The brownish paste has become a staple appetizer on most menus, often served as a dip with a side of pita and veggies. It can now be found at American, Mediterranean, and Middle Eastern restaurants, but do you know where hummus really comes from?
The Invention of Hummus
Israelis, Palestinians, Egyptian Arabs, Greeks, and other Middle Eastern and Mediterranean countries all claim hummus as “their” dish. Some historians say hummus can be dated to 13th century Egypt, others identify it as hometz from the Hebrew Bible written 3,500 years ago. The truth is, chickpeas have been growing in Turkey and surrounding areas for 10,000 years, which most likely gave way to some form of this dip.
Naturally, ownership of the popular chickpea dip started a war between Lebanon and Israel in 2008. Lebanese Industrialists and the government petitioned to recognize Lebanon, not Israel, as the appropriator of hummus, and waged an unconventional war of lawsuits, cook-offs, and competitions. According to CNN, in 2010, Lebanon set the record for the largest plate of hummus at 11.5 tons!
Chef, restaurateur, and cookbook author, Yotam Ottolenghi, writes about the hummus wars in his book “Jerusalem: A Cookbook.” “The arguments never cease. And even if the question of authorship is somehow set aside, you are still left with who makes the best hummus?…It is like the English fish-and-chips shop, a savored local treasure.”
What’s the Difference Between Hummus from Different Countries?
Most recipes for hummus contain the same basic ingredients: chickpeas, tahini (sesame paste), lemon juice, garlic, and salt. Yet a hummus aficionado has preferences of consistency—smooth and fluffy vs. chunky and spicy; temperature—warm, cold, or room temperature; and which condiments to serve alongside—cooked whole chickpeas, rehydrated dried fava beans, spice paste, chili sauce, or just plain. “It’s sort of like Minestrone soup,” says Paul Nirens, founder of GalilEat that runs culinary tours in Galilee. “Every cook has his/ her own recipe. I personally like it not too heavy, with a good amount of tehina, no garlic, and with very little lemon,” following a family recipe of a Christian-Arab grandma of 17 kids in the village of Dir Hanna in Israel.
Turkish, Greek, Israeli, or Lebanese—each culture has their own twist on the recipe. The Turkish chef and owner of Sivas Turkish Restaurants in Atlanta, Georgia adds ice cold water while blending the chickpeas and a little white pepper to flavor his hummus. Sometimes small amounts of Greek yogurt, cumin, and hot peppers can be added, and toppings range from foul (fava beans), to eggs and minced lamb. Hummus has even surfaced to dessert menus. New York-based franchise The Hummus & Pita Co. serves chocolate hummus, cookie dough humus, and cake batter hummus with cinnamon toast pita chips, while Delighted by Hummus’ Snickerdoodle hummus has become all the rave after appearing on the hit TV show “Shark Tank.”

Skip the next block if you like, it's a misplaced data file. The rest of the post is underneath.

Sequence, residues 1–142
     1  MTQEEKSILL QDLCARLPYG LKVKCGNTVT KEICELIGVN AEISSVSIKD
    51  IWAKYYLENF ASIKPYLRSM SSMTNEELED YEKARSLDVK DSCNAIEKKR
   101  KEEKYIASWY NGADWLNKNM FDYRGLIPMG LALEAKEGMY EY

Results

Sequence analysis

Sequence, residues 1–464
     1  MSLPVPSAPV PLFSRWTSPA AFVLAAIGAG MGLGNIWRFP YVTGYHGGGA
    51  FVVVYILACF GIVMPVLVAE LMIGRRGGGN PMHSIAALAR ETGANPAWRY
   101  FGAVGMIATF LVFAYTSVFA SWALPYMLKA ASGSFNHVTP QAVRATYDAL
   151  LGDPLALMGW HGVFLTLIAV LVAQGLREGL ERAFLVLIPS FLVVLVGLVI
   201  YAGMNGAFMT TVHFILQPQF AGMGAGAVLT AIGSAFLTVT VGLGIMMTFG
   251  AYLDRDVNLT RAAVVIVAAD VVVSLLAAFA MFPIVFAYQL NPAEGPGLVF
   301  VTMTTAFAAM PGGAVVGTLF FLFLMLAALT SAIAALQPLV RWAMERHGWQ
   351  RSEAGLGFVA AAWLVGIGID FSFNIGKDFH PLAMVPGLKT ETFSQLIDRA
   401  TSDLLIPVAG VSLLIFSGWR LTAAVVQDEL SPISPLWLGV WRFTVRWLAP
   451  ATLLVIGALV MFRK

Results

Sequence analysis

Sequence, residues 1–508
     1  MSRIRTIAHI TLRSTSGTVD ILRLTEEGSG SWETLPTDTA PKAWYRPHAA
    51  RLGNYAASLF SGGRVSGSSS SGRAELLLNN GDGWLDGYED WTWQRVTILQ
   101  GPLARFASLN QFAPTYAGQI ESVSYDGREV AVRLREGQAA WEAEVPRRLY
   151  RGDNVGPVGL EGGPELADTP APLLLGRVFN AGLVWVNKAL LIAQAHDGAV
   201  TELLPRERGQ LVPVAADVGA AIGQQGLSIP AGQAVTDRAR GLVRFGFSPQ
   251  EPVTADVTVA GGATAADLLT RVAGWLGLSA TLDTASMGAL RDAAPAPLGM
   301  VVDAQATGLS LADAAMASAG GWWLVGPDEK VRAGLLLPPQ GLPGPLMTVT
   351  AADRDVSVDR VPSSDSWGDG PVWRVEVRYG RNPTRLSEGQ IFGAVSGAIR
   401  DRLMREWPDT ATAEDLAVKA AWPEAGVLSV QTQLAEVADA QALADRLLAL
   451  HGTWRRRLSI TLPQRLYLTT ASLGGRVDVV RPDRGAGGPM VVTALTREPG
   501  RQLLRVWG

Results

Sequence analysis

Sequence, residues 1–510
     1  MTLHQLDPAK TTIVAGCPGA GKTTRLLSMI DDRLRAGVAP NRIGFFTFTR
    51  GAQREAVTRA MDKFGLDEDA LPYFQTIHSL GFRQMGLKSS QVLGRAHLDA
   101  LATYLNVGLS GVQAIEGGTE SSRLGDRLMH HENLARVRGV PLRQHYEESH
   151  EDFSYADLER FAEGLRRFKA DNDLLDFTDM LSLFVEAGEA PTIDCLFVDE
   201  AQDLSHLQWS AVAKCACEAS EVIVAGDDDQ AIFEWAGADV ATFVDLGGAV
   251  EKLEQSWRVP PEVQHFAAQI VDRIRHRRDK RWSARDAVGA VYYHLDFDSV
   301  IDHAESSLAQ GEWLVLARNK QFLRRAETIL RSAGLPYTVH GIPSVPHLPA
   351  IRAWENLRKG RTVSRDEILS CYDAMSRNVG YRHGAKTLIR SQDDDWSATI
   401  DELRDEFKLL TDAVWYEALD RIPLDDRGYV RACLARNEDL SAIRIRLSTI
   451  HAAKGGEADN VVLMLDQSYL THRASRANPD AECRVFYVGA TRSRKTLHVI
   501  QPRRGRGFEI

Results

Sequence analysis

The Best Way to Eat Hummus
At the famous Carmel Market in Tel Aviv, you will find a row of hummusias, dedicated hummus cafes open for breakfast until late afternoon, typically run by Mizrahi Jews and Arab-Israelis. These are packed with locals starting at breakfast and crowded out by tourists. Masabacha (or hot hummus) is a full hummus-based meal eaten for breakfast or lunch. A huge portion of hummus is served individually, topped with shakshouka, chickpeas, cumin, paprika, chopped fresh parsley, and a whole brownish looking egg which is boiled in black tea. Custom dictates using raw onion scales to scoop the hummus and biting into long green peppers that are served on the side.
One thing to note is that hummus is traditionally served in a red clay bowl with raised edges, allowing for convenience of scooping. Also, for proper eating etiquette, twist your wrist in a clockwise motion instead of dipping right in.
Make it at Home
No matter where hummus comes from, the important part is using good quality ingredients and making it from scratch. Soak dried chickpeas or garbanzo beans with baking soda overnight to soften them instead of using canned preserved ones. Squeeze fresh lemon juice, mince whole garlic cloves, blend in tahini paste, extra virgin olive oil, and kosher salt. Balance the measure of each of the ingredients based on your personal preference. The result will be wholesome hummus that is rich in protein, iron, vitamin C, vitamin B6, fiber, and potassium.
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